*Being empathetic towards patients and providing them with updates in terms of the progress of their recovery
*Caring for wounds and administering medications as prescribed by physicians
*Conducting research under the supervision of a superior
Place of work
When most people think of nurses, they immediately assume that they work in clinics or hospitals. However, the truth is that there are a lot more options available to RNs if they are looking for a change of scenery.
For instance, nurses could and themselves working in governmental organizations, the military, doctors’ offices, schools, nursing home facilities caring for the elderly or persons with a disability, or home healthcare settings, to name just a few.
According to statistics released by Indeed.com, the average salary for a practicing registered nurse is $31.77, although this varies significantly based on experience and the state in which you work.
The highest salaries for RNs can usually be found in New York (New York), Arizona (Phoenix), Texas (Houston), Nevada (Las Vegas), and Illinois (Chicago).
Based on the same data, Indeed.com reports that an estimated 63% of all registered nurses practicing in the United States are satisfied with their current salaries in line with the cost of living in their area.
The healthcare industry in general is one of the fastest-growing and most in-demand industries in the world. The global Coronavirus pandemic has only made his fact more evident, proving to many aspiring nurses that they are making the right choice regarding their future career paths.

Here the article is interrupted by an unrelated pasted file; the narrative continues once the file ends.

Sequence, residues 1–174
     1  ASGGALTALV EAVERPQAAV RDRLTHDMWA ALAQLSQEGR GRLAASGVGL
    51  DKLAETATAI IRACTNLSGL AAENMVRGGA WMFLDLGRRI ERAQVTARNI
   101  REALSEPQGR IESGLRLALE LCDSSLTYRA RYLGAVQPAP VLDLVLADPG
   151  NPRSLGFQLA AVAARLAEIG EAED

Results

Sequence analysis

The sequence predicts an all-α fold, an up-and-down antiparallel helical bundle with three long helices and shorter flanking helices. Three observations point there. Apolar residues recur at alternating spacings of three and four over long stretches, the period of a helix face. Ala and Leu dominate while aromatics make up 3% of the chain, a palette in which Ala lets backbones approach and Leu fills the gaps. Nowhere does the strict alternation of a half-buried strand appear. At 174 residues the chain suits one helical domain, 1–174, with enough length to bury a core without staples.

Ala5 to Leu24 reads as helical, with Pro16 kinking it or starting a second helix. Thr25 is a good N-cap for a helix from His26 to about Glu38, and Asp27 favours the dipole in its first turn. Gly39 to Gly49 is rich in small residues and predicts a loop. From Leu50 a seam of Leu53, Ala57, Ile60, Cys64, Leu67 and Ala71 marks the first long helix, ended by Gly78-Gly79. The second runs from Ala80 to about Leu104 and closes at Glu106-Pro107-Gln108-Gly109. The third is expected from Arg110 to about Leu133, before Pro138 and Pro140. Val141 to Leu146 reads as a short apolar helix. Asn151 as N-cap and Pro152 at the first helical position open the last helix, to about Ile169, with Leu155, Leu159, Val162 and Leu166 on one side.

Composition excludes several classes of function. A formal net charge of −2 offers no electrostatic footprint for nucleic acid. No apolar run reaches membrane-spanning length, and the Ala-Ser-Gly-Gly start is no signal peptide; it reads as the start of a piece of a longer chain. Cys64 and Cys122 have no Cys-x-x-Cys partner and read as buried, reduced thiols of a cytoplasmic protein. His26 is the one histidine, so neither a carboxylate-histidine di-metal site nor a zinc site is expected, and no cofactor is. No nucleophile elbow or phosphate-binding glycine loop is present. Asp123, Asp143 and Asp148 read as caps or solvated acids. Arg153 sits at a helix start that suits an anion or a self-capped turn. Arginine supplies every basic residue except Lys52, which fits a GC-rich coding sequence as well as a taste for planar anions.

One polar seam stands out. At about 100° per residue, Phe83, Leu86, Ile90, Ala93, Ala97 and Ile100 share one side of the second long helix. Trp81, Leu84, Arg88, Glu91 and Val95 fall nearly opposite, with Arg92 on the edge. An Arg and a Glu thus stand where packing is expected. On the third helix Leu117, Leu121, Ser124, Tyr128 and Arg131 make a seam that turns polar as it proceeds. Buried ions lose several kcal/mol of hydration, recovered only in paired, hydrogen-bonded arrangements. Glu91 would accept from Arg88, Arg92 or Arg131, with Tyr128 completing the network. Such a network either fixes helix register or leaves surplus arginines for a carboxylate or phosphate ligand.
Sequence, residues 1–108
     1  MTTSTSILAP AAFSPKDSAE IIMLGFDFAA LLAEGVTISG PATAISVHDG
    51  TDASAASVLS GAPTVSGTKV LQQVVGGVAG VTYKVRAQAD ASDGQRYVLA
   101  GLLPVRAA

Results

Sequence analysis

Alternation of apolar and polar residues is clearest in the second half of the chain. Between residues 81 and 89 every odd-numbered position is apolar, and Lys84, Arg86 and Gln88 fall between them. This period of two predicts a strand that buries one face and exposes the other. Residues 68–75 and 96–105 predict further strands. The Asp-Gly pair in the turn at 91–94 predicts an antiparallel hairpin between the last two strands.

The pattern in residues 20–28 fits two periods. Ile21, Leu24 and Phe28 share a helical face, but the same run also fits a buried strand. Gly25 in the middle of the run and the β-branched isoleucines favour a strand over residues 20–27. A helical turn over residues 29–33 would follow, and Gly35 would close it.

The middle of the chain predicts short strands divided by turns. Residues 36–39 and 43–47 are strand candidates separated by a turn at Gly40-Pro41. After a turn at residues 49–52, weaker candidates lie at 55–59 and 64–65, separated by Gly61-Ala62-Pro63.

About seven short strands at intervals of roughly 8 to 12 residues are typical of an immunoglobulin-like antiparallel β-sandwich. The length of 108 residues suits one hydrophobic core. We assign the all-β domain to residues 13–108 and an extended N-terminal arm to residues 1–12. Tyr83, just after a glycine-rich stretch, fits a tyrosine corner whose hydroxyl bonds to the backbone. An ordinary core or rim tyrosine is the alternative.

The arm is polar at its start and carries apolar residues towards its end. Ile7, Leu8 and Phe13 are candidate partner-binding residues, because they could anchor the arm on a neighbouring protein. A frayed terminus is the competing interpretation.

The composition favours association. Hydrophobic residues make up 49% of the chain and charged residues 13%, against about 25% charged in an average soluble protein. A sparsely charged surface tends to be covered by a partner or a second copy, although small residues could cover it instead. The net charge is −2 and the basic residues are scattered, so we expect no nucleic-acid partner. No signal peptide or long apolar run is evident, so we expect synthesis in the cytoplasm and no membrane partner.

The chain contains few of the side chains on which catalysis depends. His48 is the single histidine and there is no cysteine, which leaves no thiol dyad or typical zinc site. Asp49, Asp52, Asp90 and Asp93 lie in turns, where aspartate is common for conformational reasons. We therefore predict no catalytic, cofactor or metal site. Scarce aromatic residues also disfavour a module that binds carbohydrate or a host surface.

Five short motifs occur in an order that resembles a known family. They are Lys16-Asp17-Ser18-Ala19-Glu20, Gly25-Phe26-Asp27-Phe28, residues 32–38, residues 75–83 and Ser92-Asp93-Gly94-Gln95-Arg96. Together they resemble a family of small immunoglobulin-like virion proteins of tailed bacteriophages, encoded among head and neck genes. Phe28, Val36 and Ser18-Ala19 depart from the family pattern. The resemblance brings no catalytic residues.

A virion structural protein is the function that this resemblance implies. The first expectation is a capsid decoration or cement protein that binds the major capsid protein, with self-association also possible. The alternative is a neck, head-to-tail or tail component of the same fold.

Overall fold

The Bureau of Labor Statistics reports that employment for registered nurses within the United States of America is projected to grow by a whopping 12% between the years of 2018 and 2028, which is more than double the projected growth of the majority of all other industries in the country. You may be wondering what the reasons are for this growth.
The Bureau highlights the following in light of the impressive figure provided:
*A growing need for preventative care when it comes to contagious illnesses, as well as chronic conditions.
*Increasing rates of chronic diseases, such as obesity, diabetes, and high blood pressure.
*Huge demand for quality healthcare services from the baby-boomer generation, which is a generation known to lead more active lifestyles and live longer lives.
Not everyone is a good fit for the nursing profession. In order to succeed, it is vital that you possess various personality traits and skills. For example, acclaimed nurses are always dedicated and passionate about what they do.
They are able to perform well under immense pressure and form deep, empathetic connections with their patients. They are resilient and resourceful and can function adequately both on their own and within a team structure.
If all of this information has left you feeling excited to continue the pursuit of your dream to care for others for a living, do not let anything hold you back from taking the next steps. Good luck with this wonderful, fulfilling new chapter in your life!